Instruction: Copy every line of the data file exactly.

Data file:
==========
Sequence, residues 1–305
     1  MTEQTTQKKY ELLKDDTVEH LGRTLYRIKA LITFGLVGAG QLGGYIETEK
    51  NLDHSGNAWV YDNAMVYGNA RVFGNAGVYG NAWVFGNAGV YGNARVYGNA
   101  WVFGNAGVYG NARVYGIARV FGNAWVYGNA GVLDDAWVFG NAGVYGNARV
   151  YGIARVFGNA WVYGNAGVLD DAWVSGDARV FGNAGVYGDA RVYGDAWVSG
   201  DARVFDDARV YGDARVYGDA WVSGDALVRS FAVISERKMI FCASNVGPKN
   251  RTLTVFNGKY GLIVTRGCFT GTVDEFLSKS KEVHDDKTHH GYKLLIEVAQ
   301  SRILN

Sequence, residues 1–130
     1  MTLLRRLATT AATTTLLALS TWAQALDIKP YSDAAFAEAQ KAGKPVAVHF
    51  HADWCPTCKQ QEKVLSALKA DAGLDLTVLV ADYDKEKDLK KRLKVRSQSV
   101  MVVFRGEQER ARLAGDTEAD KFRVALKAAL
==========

Sequence, residues 1–305
     1  MTEQTTQKKY ELLKDDTVEH LGRTLYRIKA LITFGLVGAG QLGGYIETEK
    51  NLDHSGNAWV YDNAMVYGNA RVFGNAGVYG NAWVFGNAGV YGNARVYGNA
   101  WVFGNAGVYG NARVYGIARV FGNAWVYGNA GVLDDAWVFG NAGVYGNARV
   151  YGIARVFGNA WVYGNAGVLD DAWVSGDARV FGNAGVYGDA RVYGDAWVSG
   201  DARVFDDARV YGDARVYGDA WVSGDALVRS FAVISERKMI FCASNVGPKN
   251  RTLTVFNGKY GLIVTRGCFT GTVDEFLSKS KEVHDDKTHH GYKLLIEVAQ
   301  SRILN

Sequence, residues 1–130
     1  MTLLRRLATT AATTTLLALS TWAQALDIKP YSDAAFAEAQ KAGKPVAVHF
    51  HADWCPTCKQ QEKVLSALKA DAGLDLTVLV ADYDKEKDLK KRLKVRSQSV
   101  MVVFRGEQER ARLAGDTEAD KFRVALKAAL